|Country Number (39)||1976||SECOND WAVE|
Television Stations / Channels
Doctor Who has been aired in the Philippines by three different broadcasters:
In 1953, the Philippines was the first country in Asia to commence television broadcasts, with the ABS–CBN operating a network of transmitters across the islands.
In the 1970s, Doctor Who was screened by ABS-CBN on (at least) two of the islands: on Luzon, from Quezon City (Channel 2 – also known as BBC2, not to be confused with the British channel!), and on Negros, from Bacolod (Channel 4 / BBC4). (The series may well have aired on the other islands, but we don't have those airdates.)
ABS-CBN was, in its day, a major Philippine broadcaster, which later ran afoul of Philippine President Ferdinand Marcos and first lady Imelda Marcos during the long period of martial law post-1972. ABS-CBN 2 returned to the air by mid-1987 but was a shell of its former self until it was built back up, eventually becoming a powerhouse broadcaster.
In 1986, Doctor Who was available in the Philippines on the American Armed Forces Network's Far East Network (FEN) – this is covered in the separate profile for that cable station.
The third TV station to be established in the Philippines (in 1961), GMA would legally purchase the rights to TV shows from a local distributor but instead of using the duped down copies that were usually provided, programmes were instead recorded off the air from stations in the US on broadcast-quality tapes and shipped over to Quezon City, which gave GMA vastly superior picture quality over its rivals. (These broadcasts often still had local US TV station graphics on them!) This eventually got them into trouble with the Philippine Government as they were by-passing Asian companies and getting tapes from the USA even though they were supposed to acquire them locally.
GMA TV 7 had a very strong signal and was broadcast from Quezon City. By the late 1980s its new transmitter in the Visayas region enabled broadcasts to be seen in a large part on the islands of Luzon and Cebu. (This would have been around the time that Doctor Who was screening.)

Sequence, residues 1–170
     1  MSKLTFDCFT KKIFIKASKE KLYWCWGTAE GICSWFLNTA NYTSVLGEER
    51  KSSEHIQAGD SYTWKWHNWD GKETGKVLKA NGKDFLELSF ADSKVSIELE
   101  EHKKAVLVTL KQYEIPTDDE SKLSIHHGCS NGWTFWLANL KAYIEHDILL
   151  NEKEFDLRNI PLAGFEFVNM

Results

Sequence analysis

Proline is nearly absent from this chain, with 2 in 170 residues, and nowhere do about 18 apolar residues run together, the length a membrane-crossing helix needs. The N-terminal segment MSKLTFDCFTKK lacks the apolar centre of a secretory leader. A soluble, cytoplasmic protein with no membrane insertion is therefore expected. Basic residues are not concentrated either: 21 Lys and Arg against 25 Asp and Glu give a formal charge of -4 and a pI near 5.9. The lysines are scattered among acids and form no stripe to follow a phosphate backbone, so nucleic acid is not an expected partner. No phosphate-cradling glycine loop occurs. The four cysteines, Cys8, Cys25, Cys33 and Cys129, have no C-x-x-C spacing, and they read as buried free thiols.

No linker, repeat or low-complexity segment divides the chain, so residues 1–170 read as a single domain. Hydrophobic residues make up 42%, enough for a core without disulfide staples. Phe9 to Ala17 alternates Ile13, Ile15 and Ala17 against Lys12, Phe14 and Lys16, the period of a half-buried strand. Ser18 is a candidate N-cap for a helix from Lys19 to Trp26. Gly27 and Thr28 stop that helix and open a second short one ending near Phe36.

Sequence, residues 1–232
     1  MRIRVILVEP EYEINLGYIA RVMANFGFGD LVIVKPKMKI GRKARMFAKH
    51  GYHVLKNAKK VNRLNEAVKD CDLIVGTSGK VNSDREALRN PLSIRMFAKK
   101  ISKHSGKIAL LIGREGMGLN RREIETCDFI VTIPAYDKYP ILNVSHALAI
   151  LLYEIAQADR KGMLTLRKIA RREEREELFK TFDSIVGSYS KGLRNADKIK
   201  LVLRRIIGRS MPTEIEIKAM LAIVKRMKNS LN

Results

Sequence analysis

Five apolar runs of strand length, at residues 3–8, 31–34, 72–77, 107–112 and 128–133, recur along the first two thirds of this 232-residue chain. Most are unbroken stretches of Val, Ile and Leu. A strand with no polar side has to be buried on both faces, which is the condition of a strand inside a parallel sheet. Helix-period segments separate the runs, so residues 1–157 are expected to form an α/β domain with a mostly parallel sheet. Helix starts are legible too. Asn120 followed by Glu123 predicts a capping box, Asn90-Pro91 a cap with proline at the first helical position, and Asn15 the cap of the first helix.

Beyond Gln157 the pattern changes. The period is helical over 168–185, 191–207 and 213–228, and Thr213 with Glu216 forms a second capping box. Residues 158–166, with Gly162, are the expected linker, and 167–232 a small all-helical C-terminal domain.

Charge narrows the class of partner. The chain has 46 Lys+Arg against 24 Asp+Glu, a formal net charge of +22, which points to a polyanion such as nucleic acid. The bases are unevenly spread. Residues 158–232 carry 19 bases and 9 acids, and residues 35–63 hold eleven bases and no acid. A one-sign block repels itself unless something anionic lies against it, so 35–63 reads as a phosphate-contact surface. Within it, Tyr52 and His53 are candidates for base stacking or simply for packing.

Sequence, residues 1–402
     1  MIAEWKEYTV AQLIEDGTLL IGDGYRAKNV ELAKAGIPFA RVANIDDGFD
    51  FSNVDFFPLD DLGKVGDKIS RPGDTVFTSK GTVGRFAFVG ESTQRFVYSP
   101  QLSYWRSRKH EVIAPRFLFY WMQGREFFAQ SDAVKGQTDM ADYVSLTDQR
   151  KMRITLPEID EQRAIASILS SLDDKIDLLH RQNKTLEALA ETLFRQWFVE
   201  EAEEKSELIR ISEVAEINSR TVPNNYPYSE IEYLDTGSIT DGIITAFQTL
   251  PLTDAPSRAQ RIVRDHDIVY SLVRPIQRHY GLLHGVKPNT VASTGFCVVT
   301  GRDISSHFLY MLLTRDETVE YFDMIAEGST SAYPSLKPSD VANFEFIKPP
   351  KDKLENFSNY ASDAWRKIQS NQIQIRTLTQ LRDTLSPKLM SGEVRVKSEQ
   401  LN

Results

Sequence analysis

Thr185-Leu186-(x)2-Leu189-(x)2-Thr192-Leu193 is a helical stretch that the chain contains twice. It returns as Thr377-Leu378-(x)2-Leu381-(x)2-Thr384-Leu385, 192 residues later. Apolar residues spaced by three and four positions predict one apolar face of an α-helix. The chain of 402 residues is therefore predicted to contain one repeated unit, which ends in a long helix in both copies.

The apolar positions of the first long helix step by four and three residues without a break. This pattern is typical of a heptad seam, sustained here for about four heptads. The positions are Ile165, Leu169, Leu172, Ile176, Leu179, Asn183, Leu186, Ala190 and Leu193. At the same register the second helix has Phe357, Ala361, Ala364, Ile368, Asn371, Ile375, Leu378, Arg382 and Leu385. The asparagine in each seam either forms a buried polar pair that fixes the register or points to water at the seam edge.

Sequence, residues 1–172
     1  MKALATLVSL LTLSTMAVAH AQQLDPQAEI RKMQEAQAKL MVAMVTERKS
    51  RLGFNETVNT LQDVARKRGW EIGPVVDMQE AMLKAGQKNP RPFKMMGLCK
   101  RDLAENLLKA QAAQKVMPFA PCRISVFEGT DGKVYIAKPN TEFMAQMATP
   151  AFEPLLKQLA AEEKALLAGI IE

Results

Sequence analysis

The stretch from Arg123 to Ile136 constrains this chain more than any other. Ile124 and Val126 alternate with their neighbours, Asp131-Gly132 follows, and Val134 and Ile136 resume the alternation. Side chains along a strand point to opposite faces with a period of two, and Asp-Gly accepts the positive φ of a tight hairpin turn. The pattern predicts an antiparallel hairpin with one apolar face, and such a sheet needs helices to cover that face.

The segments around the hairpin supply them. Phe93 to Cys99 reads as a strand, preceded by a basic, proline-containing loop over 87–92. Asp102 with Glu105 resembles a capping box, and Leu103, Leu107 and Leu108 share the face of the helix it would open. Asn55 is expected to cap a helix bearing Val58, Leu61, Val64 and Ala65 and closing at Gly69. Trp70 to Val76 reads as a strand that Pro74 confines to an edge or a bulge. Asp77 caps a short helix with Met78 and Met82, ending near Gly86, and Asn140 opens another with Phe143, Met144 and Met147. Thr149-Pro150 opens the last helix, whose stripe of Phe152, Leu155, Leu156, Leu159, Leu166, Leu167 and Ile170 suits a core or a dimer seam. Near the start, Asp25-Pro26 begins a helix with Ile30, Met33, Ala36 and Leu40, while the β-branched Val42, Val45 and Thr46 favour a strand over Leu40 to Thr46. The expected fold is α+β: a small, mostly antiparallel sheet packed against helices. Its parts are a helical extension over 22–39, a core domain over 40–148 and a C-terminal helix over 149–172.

The principal languages of the Philippines is Pilipino, English (spoken by 50 percent of the population), Spanish, plus numerous native languages and dialects. Television broadcasts were predominantly in English.
DOCTOR WHO IN THE PHILIPPINES
The Eighties - THE LOST CHAPTERS records a sale of "(13)" stories (by 10 February 1987). There is an overlap of two stories across the 1977 and 1987 totals.
The post-February 1987 screenings of Tom Baker stories would not be included in this tally.
Stories bought and broadcast
13 stories, 72 episodes:
|BBB||Doctor Who and the Silurians||7|
|CCC||The Ambassadors of Death||7|
|EEE||Terror of the Autons||4|
|FFF||The Mind of Evil||6|
|GGG||The Claws of Axos||4|
|HHH||Colony in Space||6|
|KKK||Day of the Daleks||4|
|MMM||The Curse of Peladon||4|
|LLL||The Sea Devils||6|
|OOO||The Time Monster||6|
ABS-CBN therefore bought GROUPs A to C of the standard package of Jon Pertwee stories sold in the NTSC colour format.
The programme was supplied as NTSC colour video tapes with English soundtracks.
Origin of the Prints?
Although the Philippines is part of Asia, which is usually the jurisdiction of BBC Sydney, the fact that the broadcaster transmits in NTSC suggests that the transmission tapes may have been supplied by Time-Life Films in New York.